Background: Good cardiorespiratory fitness has been associated with a reduced risk for clinical events of atherosclerotic vascular diseases. It is still unclear how this relates to a slower progression of the early atherosclerosis wall process.
Method: Using a dynamic model, we generated new parameters for describing the pathologic wall process in the carotid artery, based on an automatic layer detection system. In this study, we scrutinised the influence of two ultrasonographic parameters, intima–media thickness (IMT) and roughness, by comparing two groups: a healthy inactive group (PIP) (mean (SD) age 64.37 (5.10) years; n = 50) and a healthy lifelong physically active group (PA) (mean (SD) age 64.48 (3.45) years; n = 51). All subjects underwent a blood test, spiroergometry, echocardiography and carotid ultrasound examination.
Results: There was a significant difference in the well known risk factors for cardiovascular disease (for example, high density lipoprotein cholesterol, triglyceride) between groups. PIP compared to PA had a significantly higher roughness (PIP 0.073 (0.015) vs PA 0.065 (0.0156); p<0.01). No significantly higher IMT was found for PIP (PIP 0.89 (0.18) vs PA 0.90 (0.22); p = 0.63) compared to PA. In this cross sectional study of middle aged men, Vo2max was inversely associated with carotid atherosclerotic parameters.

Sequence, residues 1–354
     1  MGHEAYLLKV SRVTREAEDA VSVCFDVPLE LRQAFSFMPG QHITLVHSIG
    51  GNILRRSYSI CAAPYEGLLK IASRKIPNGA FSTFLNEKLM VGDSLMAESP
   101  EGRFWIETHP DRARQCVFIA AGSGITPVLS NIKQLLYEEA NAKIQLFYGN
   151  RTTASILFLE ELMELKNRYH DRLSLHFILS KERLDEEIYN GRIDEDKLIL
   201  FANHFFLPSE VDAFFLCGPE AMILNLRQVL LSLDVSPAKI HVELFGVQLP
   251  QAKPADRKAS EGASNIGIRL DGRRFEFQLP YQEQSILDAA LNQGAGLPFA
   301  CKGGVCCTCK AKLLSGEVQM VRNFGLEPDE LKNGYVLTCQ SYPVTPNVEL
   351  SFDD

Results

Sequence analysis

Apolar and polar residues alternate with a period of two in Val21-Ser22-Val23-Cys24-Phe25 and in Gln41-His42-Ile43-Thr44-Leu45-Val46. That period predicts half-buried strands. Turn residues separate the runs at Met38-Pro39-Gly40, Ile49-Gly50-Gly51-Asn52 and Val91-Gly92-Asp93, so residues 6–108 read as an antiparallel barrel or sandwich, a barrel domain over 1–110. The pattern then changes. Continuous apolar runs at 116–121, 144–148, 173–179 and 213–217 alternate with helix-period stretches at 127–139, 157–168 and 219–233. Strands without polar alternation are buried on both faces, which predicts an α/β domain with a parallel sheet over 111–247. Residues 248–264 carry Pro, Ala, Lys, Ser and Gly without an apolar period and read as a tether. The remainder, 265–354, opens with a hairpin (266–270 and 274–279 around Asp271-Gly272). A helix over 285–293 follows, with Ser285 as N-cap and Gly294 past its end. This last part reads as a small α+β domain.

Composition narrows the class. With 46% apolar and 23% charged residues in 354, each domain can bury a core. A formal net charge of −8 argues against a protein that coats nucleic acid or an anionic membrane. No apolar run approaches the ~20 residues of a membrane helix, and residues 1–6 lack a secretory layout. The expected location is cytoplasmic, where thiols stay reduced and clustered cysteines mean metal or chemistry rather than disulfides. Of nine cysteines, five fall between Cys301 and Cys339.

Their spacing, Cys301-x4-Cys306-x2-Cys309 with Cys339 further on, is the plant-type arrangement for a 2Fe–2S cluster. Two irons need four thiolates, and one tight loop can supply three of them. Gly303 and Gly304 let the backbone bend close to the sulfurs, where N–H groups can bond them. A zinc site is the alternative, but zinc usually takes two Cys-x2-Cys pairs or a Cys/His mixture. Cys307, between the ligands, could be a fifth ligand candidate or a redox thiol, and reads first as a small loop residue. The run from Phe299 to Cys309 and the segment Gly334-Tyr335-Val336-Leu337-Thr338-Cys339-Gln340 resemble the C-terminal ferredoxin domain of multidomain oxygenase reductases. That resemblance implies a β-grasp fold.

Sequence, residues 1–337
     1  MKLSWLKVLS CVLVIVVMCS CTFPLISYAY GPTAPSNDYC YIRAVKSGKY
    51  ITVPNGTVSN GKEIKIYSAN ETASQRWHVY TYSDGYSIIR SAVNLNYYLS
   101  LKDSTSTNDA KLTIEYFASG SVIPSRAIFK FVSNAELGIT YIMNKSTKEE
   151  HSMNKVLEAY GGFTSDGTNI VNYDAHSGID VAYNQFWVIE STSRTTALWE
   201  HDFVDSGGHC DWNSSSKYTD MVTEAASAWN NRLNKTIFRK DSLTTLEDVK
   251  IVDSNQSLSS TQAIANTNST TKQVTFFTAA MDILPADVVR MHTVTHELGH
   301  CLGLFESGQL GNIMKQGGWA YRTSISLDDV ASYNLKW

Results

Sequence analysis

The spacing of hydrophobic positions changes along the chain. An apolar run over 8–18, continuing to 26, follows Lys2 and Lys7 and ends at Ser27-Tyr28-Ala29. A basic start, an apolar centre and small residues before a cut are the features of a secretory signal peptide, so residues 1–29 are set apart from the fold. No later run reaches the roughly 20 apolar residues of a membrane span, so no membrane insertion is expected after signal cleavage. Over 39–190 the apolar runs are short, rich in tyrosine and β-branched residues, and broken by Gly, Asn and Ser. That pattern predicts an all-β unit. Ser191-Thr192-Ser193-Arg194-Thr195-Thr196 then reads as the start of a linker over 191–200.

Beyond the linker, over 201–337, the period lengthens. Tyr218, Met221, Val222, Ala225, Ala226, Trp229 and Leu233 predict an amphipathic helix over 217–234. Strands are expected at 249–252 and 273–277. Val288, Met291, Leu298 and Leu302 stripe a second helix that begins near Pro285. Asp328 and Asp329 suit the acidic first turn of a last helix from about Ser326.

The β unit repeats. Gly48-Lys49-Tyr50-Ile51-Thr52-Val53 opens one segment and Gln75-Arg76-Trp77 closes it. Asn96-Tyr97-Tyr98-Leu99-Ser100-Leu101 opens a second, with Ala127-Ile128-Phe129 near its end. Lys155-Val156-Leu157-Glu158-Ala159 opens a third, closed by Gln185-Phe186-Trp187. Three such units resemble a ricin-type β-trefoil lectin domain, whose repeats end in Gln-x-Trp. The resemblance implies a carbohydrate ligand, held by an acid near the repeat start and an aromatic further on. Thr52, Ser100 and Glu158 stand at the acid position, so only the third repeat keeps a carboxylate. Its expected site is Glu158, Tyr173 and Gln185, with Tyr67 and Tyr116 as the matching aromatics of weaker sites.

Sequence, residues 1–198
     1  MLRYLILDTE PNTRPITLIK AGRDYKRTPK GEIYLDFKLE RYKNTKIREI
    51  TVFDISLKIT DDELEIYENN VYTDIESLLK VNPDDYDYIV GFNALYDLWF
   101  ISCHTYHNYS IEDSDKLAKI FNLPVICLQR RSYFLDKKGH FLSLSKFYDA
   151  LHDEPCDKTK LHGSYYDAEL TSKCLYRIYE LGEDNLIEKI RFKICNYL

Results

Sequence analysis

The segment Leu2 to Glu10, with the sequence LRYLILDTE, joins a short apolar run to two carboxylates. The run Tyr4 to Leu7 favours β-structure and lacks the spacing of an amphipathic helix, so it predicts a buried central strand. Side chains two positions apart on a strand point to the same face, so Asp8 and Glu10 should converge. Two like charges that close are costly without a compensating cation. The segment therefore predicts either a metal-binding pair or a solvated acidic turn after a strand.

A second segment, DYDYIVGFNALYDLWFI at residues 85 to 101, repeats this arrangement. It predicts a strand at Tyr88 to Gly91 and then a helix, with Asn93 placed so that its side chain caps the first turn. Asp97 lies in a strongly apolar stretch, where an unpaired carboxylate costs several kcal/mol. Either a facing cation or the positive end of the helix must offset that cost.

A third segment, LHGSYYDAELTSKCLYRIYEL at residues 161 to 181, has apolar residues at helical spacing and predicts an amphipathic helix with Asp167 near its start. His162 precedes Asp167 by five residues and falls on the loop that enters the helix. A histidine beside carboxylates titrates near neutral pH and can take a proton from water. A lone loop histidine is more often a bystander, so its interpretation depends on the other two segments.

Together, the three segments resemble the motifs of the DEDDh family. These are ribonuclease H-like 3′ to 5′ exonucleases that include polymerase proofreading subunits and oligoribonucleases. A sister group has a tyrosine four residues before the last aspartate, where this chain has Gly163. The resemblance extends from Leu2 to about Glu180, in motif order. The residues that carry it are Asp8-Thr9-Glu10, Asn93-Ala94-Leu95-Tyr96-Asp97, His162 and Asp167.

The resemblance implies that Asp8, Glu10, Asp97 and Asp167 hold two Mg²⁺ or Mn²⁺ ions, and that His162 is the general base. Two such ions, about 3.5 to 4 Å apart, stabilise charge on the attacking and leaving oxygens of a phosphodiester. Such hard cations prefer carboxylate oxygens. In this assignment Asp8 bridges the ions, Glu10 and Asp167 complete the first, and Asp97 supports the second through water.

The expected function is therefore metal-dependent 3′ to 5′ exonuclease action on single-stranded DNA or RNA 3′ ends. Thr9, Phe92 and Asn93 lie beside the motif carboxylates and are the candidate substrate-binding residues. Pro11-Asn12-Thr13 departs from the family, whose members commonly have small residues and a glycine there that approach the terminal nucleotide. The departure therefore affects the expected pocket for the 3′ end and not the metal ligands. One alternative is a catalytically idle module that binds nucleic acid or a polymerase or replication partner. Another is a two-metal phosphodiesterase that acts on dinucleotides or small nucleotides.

Conclusion: In this study, good cardiorespiratory fitness was associated with an increase of the proven risk factors and a reduction of atherosclerosis in the common carotid artery. Roughness seems to be significantly more sensitive than IMT for characterising the changes of the arterial wall. We suggest measuring roughness in addition to IMT to gain additional information about the atherosclerotic wall.
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Competing interests: None.
Patient consent: Obtained.
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